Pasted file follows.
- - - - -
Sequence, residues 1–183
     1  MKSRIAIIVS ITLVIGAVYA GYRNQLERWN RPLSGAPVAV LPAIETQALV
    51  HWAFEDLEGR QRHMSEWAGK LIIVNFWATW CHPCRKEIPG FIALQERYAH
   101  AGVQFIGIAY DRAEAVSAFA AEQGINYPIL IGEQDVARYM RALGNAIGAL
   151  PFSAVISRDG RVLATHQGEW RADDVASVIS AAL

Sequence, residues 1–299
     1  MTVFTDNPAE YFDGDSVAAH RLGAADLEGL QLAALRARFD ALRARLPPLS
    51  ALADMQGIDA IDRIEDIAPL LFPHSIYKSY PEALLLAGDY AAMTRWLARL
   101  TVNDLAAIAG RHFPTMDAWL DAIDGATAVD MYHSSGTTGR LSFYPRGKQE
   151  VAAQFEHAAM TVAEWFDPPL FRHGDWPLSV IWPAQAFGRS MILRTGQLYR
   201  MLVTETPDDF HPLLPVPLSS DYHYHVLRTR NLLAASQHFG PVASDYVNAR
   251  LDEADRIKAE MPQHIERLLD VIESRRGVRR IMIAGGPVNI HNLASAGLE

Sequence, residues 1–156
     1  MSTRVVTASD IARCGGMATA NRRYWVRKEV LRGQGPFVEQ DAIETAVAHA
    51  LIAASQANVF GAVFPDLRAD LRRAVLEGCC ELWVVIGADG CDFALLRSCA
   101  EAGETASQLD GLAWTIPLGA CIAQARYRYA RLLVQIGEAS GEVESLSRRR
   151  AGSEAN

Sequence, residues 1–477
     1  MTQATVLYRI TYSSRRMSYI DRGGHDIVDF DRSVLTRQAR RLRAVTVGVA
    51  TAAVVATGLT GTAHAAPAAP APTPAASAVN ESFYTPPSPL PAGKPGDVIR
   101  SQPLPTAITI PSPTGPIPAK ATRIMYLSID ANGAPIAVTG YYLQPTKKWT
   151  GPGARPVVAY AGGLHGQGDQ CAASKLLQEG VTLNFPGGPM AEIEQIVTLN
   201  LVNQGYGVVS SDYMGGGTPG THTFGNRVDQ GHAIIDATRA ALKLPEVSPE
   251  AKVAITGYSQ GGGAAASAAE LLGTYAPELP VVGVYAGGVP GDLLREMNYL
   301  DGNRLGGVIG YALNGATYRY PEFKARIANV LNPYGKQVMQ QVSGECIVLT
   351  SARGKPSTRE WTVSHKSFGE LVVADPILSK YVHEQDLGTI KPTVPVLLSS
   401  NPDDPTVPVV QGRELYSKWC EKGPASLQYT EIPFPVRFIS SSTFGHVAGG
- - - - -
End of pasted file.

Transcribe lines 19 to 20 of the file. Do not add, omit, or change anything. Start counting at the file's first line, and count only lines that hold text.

     1  MTQATVLYRI TYSSRRMSYI DRGGHDIVDF DRSVLTRQAR RLRAVTVGVA
    51  TAAVVATGLT GTAHAAPAAP APTPAASAVN ESFYTPPSPL PAGKPGDVIR